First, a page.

So we have a long way to go. But we absolutely trust, and fully…we totally rely on Montenegro continuing to be a committed NATO Ally helping us to address the challenges that we face in the Western Balkans.

Then I think that air policing is also an area where we work closely with the Montenegro. It demonstrates how NATO Allies operate together. We have two allies, Greece and Italy, providing air policing in close coordination and cooperation of course with Montenegro. It demonstrates the strength of our Alliances.

And overall the stability that NATO provides is also a precondition for prosperity.

We have seen that Allies, - countries, which have joined NATO-, they have also seen increased investments, more economic prosperity as a result of the stability that NATO provides.

So there are many areas where we believe in stronger cooperation. And we see the benefits of Montenegro being a NATO member. And therefore we're grateful for the many contributions of Montenegro makes to our Alliance.

Zdravko Krivokapic, Prime Minister of Montenegro: 

I'd like to reply. I thought that your question, here at the NATO Headquarters, here in the headquarters of the European Commission would be geared towards Europe, and you're bringing me back to Montenegro. But since I always reply to questions, I will always also reply in a very straightforward manner.

That platform is not intended for Zdravko Krivokapic, that platform has to do with political coalition's which constitute majority. And I salute every decision where 41 MP would present their clear position towards any decision.  I wish luck to anybody who will take over this government, who will replace it or perhaps we'll have new elections.

The most important thing for Montenegro is that we move forward towards programs, so that through various programs we bring rebirth to Montenegro. And it's precisely because this government has clearly put forward its four programs. That these programs are actually aggravating some politicians because these politicians just strive to keep in position. So when it comes to relation with URA, I have had always correct, a good cooperation with Deputy Prime Minister Abazovic. When it comes to the relation of URA towards Prime Minister, you should ask URA.  I'm really not a man who is reading anybody's mind, and I will not be dealing without even if I could. Thank you.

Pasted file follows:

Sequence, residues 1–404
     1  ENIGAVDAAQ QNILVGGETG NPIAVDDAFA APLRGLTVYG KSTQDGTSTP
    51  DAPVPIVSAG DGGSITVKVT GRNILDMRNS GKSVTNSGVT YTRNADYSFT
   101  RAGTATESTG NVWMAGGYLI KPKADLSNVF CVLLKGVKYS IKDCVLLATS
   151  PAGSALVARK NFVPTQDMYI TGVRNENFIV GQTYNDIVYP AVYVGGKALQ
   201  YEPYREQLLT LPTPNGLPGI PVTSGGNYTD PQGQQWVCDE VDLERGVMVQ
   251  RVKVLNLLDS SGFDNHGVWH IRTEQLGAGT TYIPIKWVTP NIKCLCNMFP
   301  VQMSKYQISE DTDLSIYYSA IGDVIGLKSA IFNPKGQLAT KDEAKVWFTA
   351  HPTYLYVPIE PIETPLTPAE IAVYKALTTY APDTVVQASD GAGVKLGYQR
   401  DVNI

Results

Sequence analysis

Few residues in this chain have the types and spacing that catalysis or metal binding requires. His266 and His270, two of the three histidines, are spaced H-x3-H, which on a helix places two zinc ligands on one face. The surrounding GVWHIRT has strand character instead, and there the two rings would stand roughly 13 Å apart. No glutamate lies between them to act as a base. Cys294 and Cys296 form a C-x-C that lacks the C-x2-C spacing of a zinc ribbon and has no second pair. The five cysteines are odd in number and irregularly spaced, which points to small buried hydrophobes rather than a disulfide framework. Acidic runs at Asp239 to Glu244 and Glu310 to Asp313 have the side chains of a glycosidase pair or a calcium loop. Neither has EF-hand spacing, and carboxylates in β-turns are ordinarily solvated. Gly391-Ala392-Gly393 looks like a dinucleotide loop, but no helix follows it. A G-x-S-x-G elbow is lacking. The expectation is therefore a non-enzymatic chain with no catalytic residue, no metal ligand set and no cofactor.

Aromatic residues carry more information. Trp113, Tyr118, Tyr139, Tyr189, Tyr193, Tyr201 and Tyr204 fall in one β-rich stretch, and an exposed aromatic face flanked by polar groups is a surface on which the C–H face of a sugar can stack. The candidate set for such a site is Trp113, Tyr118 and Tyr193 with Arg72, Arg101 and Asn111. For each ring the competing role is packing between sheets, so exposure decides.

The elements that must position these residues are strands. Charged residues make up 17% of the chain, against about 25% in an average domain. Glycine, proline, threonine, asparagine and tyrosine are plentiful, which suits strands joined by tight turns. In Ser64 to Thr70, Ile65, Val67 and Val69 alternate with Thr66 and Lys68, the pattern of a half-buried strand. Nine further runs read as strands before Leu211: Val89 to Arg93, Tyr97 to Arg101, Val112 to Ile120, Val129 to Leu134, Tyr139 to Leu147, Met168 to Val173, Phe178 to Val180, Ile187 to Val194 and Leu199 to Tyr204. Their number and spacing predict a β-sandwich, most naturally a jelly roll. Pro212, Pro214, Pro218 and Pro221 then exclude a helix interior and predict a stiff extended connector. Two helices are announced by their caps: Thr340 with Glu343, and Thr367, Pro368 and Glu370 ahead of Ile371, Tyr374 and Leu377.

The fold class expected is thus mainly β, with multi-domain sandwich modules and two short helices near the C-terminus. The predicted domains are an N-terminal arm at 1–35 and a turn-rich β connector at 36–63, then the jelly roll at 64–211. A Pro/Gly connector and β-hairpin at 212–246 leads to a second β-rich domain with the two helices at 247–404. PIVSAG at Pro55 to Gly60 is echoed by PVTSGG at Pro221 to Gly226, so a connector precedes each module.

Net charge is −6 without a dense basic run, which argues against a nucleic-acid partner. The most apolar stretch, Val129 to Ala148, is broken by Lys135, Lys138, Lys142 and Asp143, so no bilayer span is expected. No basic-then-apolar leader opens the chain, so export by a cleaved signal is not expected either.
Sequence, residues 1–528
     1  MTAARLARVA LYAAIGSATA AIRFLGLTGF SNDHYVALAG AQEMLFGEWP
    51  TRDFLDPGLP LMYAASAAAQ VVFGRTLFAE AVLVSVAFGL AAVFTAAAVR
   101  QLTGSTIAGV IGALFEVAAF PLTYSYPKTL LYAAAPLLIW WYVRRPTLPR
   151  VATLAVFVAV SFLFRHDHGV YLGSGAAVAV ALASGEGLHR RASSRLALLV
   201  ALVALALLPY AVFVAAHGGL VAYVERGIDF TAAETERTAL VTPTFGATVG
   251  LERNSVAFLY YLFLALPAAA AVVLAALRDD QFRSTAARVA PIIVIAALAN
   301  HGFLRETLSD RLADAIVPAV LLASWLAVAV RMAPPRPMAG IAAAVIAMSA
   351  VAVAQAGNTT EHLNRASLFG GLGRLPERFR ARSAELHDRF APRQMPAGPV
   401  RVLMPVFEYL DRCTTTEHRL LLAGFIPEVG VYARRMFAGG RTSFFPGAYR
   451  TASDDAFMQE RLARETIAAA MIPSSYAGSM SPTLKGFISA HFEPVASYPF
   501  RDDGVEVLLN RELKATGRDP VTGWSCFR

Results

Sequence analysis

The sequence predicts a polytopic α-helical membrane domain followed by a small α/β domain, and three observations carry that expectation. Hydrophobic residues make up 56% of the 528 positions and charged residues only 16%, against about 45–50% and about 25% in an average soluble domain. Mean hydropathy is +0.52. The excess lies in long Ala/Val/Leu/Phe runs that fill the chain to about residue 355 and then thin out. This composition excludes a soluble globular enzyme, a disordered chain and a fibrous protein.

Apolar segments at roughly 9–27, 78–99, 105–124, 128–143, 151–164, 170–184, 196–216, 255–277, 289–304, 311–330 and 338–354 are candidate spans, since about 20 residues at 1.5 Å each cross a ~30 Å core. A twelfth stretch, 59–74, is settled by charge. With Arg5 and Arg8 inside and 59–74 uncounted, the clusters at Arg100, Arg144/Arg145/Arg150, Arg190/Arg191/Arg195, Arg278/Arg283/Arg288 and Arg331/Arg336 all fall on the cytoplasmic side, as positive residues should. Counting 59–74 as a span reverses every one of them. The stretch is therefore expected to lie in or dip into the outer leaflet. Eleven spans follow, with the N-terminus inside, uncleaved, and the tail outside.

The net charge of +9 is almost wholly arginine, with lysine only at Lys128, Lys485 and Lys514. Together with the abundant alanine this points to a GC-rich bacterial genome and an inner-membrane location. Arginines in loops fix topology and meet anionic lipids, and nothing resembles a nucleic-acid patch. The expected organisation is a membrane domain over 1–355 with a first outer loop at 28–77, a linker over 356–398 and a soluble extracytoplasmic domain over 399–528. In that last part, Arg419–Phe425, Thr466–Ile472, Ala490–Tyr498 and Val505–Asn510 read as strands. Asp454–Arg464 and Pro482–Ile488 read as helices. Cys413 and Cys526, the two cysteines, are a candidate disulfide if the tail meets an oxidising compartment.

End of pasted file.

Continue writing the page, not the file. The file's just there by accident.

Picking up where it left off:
Oana Lungescu, NATO Spokesperson:

We will take a last question from Vijesti Milos Rudović, who is online.

Milos Rudović, Vijesti:

Thank you. I would like to ask a question to the Mr. Secretary General.

Can you comment on the new proposal from the ruling Democratic front about the reconstruction of the Government, that includes that Mr Krivokapic would be replaced from the prime minister post? Would that, in your opinion, affect the cooperation with NATO?

And I would also use this opportunity to ask Mr. Krivokapic to comment on the situation that you mentioned about Mr. Dodik, and the tensions in Bosnia Herzegovina. How he sees the acting of Mr. Dodik. Thank you so much.

Jens Stoltenberg, NATO Secretary General:

It's not for me as Secretary General of NATO to comment on the domestic political issues in each and every NATO allied country. That’s for the politicians, the party's of Montenegro to address and decide.

What I can say is that I'm confident that Montenegro will remain committed NATO Ally.

That the membership of NATO has helped to also foster economic prosperity creating the conditions the framework for also economic prosperity. And that for instance, the support of NATO Allies and NATO have provided to Montenegro during the pandemic is of course also important for the country in dealing with the consequences of the Corona virus.

Let me also add that the support for NATO, according to the opinion polls, have actually increased over the last months. And I think for me, this is an example demonstration of the fact that yes, of course, in all NATO Allies, there are different opinions about many things. But the NATO rests on support from the people, from the governments in 30 democratic countries, which have decided to stand together and defend each other. Because we are safer when we stand together. And that is also the case for Montenegro.

Zdravko Krivokapic, Prime Minister of Montenegro: 

Montenegro has always been helping everybody, not unhelping anybody.

So perhaps it's easier said than done, but that's the relationship we have towards all of our neighbours.

When it comes to your question that has to do with Mr. Dodik, I think that all of us as responsible people have to seek to resolve problems wherever problems take place.

And most importantly, we mustn't fuel fire where it's unnecessary. Bosnia Herzegovina has clearly defined Dayton Agreement and that's the grounds on which they should be building their future relations.

Oana Lungescu, NATO Spokesperson:

Thank you very much. This concludes this press point.